A general strike next? As resource-intensive as the cost can be to a regime, is it ultimately easier to get people NOT to act than to force (enough) key performers to keep performing?
Posted by: Paul S. at February 12, 2010 2:04 pm
I've been following Iran for years now. The more I study it, and the more I gather a grasp of its politics, the less I understand. I've been certain that I had a firm grasp on what was going on at times, only to see the country do something completely opposite. There's only one conclusion I have been able to reach. From a US-centric perspective, Iran is incomprehensible. Only folks as familiar with the entire region as Michael is have a chance at figuring it out.
Posted by: C Kelsey at February 12, 2010 4:00 pm
If you don't know what the right choice is, then who does?
Posted by: Ali at February 12, 2010 5:25 pm
Ali: If you don't know what the right choice is, then who does?


Some people think they know, but they don't.
Posted by: Michael J. Totten at February 12, 2010 5:28 pm
One might venture that half the reason the region is so messed up is because too many people who don't know thought they did know.
Posted by: C Kelsey at February 12, 2010 5:33 pm
At irantracker.org, echoing C Kelsey's and Michael's assessment:

"This week marked another round of tensions within Iran, and although the regime may have passed this test, it remains impossible to issue a conclusive verdict on the viability and strength of the opposition."
Posted by: Paul S. at February 12, 2010 8:11 pm
One might venture that half the reason the region is so messed up is because too many people who don't know thought they did know.

That's the easy way out, C Kelsey. There have been a few outsiders who interfered in the region thinking they could promote one outcome over another and got it totally wrong, but I think the blame for most of the problems in the ME the locals bear most of the responsibility. One of the reasons westerners have so much trouble dealing with the IRI is that the IRI are a bunch of effing liars. They seem to enjoy engaging in elaborate deceptions. How do you deal with somebody who lies to you so often that you can't believe a word they say? When you automatically assume that any agreement they enter into or any offer they make will be disregarded on a whim at the earliest convenience? It isn't outsiders that make that regime behave in that way, and the only fault in somebody who takes them at their word or who attempts to negotiate with them in good faith is for being playing the fool. The parade of people who want to play that part never seems to end, though. Especially in Europe. But even here in the US we have our fair share.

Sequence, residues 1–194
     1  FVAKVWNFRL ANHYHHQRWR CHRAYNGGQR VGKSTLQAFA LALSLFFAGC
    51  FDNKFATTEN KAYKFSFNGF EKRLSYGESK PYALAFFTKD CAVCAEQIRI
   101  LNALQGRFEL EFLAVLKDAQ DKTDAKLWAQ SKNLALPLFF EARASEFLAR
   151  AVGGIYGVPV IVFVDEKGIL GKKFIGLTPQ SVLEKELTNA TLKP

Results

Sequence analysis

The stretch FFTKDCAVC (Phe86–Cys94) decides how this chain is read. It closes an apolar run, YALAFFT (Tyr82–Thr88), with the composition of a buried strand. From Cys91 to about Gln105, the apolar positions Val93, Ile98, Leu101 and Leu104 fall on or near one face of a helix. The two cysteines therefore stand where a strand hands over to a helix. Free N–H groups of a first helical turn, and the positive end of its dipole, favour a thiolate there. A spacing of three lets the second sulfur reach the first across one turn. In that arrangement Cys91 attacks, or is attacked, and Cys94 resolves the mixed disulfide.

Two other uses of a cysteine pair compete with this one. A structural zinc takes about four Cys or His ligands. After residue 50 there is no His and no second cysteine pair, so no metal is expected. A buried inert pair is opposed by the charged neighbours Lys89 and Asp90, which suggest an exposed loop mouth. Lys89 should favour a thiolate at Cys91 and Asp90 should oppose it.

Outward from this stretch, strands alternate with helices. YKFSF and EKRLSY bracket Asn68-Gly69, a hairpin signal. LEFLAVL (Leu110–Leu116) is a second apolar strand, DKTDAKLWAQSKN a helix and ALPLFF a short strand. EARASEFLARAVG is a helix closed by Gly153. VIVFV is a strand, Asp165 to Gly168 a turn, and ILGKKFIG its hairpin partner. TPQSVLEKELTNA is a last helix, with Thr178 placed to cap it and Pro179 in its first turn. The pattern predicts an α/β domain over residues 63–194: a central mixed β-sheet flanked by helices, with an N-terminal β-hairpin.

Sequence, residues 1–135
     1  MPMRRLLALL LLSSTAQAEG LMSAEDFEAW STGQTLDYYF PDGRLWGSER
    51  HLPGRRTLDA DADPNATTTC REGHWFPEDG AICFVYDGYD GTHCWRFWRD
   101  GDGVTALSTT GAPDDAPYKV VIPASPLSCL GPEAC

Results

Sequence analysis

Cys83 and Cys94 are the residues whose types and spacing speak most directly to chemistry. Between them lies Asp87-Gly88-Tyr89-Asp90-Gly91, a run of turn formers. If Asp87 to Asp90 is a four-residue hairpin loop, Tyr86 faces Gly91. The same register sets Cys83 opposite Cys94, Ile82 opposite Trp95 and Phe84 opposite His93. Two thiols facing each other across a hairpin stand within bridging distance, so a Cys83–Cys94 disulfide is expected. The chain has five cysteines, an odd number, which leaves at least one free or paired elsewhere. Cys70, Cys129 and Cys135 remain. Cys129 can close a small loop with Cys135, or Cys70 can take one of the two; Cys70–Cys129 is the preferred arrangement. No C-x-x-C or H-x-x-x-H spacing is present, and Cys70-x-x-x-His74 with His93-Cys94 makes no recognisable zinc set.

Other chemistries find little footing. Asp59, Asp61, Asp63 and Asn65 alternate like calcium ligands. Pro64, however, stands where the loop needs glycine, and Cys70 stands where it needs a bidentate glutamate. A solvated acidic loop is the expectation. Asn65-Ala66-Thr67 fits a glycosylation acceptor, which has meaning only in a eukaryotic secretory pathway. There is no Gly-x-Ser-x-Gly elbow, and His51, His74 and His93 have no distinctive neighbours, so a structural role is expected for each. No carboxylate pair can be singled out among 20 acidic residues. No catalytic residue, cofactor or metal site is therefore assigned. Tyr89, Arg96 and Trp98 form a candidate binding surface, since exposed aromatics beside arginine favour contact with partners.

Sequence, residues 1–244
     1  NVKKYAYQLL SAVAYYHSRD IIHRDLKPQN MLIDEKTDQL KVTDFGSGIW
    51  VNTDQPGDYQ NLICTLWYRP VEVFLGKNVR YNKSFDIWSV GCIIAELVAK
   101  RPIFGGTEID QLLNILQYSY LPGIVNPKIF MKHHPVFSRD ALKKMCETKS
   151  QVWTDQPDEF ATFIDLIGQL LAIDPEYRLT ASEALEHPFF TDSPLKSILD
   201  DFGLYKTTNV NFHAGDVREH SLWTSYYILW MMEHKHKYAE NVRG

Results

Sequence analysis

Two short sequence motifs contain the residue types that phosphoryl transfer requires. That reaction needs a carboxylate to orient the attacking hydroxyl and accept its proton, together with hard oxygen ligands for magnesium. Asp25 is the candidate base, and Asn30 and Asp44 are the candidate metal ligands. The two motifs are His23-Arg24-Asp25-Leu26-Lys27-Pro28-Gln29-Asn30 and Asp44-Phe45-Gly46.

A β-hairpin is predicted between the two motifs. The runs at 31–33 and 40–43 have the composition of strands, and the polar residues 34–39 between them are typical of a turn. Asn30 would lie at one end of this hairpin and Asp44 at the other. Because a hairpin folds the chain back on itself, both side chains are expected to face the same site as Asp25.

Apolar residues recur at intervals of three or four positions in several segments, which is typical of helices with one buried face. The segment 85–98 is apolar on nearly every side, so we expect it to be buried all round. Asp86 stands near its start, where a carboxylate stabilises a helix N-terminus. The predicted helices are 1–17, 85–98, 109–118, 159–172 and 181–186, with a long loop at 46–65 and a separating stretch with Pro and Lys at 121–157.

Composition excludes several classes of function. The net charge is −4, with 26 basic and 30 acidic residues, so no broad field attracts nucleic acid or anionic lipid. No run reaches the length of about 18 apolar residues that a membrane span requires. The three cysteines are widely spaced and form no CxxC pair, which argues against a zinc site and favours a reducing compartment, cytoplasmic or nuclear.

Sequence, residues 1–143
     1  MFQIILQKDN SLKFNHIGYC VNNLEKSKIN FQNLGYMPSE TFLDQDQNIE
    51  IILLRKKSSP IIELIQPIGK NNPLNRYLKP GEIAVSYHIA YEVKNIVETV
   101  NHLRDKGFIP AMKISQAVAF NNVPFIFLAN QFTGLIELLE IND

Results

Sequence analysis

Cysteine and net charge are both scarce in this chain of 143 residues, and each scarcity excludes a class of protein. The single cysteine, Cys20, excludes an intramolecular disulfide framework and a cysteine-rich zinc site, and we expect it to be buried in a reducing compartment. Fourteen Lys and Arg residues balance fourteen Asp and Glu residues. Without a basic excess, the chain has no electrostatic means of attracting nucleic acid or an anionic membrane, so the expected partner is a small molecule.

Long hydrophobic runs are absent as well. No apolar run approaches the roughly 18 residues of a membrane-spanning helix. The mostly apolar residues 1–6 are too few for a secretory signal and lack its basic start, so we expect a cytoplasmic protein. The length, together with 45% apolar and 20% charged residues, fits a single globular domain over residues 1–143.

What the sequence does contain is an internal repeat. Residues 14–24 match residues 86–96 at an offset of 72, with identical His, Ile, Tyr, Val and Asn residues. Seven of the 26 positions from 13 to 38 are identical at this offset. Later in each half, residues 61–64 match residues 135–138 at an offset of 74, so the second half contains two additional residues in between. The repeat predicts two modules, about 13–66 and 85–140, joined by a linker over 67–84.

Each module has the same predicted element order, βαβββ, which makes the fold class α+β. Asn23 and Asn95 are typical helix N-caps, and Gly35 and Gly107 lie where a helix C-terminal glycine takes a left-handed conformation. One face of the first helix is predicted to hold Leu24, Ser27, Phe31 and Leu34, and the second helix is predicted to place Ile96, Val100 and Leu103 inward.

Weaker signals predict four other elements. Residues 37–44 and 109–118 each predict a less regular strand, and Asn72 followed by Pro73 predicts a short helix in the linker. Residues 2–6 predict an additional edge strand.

Posted by: Craig at February 12, 2010 10:19 pm
[...] Totten, Cut the Gordion Knot, Already: Last week, Iranian President Mahmoud Ahmadinejad promised to deliver a “telling blow” against [...]
Posted by: Cut the Gordion Knot, Already « Geoff's Blog at February 13, 2010 8:15 am
Craig, you indeed have a point. However, the fact that the players in the ME tend to lie constantly simply adds another layer to confuse us into making mistakes in the reagion while at the same time believing that we know what we're doing in the region. I have been given to understand (read "I have no proof")that plenty of EU nations lie all the time and yet we still conduct meaningful foreign policy with them as nations.